Shifting The Focus From Domestic Violence Registries To Domestic Violence Prevention
The New York State Coalition Against Domestic Violence is a statewide membership organization of domestic violence programs that are on the ground, day in day out, answering hotlines, safety planning, providing emergency shelter, and advocating for survivors of domestic violence. Our policy positions are made in collaboration with an advisory committee of these local programs, legal service providers, and survivors. We also work closely with several national organizations including the National Network to End Domestic Violence, the Intimate Partner Violence Prevention Council, and other state domestic violence coalitions.
Our concerns about domestic violence offender registries are not unique, and they mirror those of our partners across the country. We have relayed these concerns to the New York State Legislature for several years and have made numerous attempts at productive dialogue regarding domestic violence prevention.
THE UNINTENDED CONSEQUENSES OF DOMESTIC VIOLENCE OFFENDER REGISTRIES
We are concerned that domestic violence offender registries create a false sense of security to those they are meant to protect. Relying on a registry to determine if a potential partner will be abusive is dangerous because of the inaccuracies inherent in such a tool – namely that a registry will significantly underrepresent the number of people who are abusive. Only a small percentage of domestic violence offenders ever have contact with the criminal justice system. Even fewer face arrest, and of those that are arrested, far fewer are actually convicted. There are countless examples of this – we read stories every week about domestic violence homicides where no previous history of domestic violence was documented by authorities. For example, of the 75 family related homicides in New York City in 2010, 77% of those perpetrators had no known prior police contact, and 96% of these cases had no current order of protectioni.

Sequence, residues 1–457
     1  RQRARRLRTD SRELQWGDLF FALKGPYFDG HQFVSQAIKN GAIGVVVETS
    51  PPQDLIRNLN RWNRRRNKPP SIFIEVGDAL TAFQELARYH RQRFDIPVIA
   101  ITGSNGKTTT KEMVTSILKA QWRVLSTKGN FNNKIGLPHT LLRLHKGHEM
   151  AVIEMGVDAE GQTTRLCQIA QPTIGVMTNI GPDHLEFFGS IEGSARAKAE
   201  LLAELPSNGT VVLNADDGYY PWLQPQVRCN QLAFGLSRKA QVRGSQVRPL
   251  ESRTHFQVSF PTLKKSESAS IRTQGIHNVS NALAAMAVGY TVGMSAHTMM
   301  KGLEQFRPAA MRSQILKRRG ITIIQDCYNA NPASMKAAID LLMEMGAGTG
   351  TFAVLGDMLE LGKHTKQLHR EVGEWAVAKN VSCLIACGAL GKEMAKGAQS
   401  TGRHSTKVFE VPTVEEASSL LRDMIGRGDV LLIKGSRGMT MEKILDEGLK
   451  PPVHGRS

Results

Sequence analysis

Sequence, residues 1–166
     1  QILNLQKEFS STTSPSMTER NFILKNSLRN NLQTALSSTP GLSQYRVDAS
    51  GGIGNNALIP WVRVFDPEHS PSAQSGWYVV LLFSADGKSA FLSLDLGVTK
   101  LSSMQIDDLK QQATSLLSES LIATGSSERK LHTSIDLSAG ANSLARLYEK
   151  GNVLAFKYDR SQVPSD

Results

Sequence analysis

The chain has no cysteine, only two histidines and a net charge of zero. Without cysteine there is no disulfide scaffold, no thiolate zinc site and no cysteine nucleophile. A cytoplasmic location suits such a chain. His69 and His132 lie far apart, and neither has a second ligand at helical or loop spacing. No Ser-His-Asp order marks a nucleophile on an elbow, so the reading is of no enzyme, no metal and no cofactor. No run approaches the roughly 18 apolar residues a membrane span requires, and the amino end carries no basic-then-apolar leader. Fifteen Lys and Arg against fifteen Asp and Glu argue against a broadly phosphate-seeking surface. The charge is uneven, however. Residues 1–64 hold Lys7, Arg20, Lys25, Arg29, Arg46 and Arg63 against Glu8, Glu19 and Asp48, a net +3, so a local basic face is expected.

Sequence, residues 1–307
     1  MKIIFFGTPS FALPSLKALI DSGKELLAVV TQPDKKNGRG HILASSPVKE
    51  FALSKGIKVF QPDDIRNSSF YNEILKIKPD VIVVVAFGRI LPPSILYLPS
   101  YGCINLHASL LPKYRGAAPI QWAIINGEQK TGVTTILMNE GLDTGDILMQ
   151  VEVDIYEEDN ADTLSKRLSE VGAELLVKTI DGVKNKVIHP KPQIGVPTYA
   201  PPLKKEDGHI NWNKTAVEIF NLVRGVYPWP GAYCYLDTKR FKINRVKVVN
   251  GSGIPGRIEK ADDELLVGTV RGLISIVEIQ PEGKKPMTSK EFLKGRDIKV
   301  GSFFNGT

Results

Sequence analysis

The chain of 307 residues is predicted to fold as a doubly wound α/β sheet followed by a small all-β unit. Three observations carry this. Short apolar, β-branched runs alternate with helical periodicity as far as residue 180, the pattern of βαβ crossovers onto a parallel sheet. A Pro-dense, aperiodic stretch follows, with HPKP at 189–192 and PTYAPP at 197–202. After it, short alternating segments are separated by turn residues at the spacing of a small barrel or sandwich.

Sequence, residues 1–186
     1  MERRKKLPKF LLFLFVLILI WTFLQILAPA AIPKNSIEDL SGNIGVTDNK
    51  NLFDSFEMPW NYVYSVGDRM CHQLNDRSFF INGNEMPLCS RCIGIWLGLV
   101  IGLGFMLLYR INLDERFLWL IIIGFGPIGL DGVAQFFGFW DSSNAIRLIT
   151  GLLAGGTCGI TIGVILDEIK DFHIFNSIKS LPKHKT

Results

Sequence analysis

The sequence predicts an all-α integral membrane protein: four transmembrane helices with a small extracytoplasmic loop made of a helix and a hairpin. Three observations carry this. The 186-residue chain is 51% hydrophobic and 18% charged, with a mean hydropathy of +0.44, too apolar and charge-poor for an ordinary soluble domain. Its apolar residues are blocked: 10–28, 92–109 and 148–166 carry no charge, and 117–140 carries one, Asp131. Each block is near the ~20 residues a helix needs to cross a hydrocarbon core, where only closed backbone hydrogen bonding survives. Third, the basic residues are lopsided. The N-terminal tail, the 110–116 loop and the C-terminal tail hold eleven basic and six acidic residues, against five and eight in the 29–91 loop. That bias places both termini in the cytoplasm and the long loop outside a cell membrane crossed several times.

An offender registry will also likely create a chilling effect on the reporting of crimes to authorities, and can lead to escalated danger of retaliatory violence. A 2015 study by the National Domestic Violence Hotline revealed that more than half of the survivors that reached out to the police said they would not call the police again because doing so only made things worse.ii Offenders already blame victims and retaliate when the police are called. This danger will be intensified when they blame the victim for exposing the abuse to the community, and the victim’s likelihood to call the police will be further reduced.
Victims of domestic violence that reach out for help from law enforcement are arrested at an alarming rate. According to the National Domestic Violence Hotline study, 1 in 4 survivors reported being arrested or threatened with arrest after reporting an incident to the police. Because of this, a domestic violence offender registry will likely contain a disproportionate number of wrongly convicted victims that were arrested after calling for help.
Domestic violence registries not only expose the identity of perpetrators, they expose the identity of victims, by the very nature of the relationship (i.e. spouse or ex-spouse). Exposing the identity of victims is dangerous and can further isolate them when friends or family pressure them to leave, or blame them for entering into or staying in the relationship. Leaving an abuser can put a victim and their children at heightened risk, and is often more dangerous than staying. One study found that victims who leave abusers are at a 75 percent greater risk of being killed by the abuser than those who stayiii. Because of this great risk, leaving should be done thoughtfully, and with a well-constructed safety plan.
SHIFTING TO PRIMARY PREVENTION
Over the past three decades, NYSCADV has worked with multiple criminal justice agencies on local, statewide, and national levels to strengthen offender accountability in all aspects of the criminal justice system response to
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domestic violence. These initiatives include policy, training, and resource development projects including training for police officers on the nature and dynamics of domestic violence, accurate completion of Domestic Incident Reports, appropriate charging decisions and thorough investigations, enforcement of violations of orders of protection, town and village magistrate training, evidence-based prosecution, and integrating offender accountability mechanisms in probation and parole supervision practices.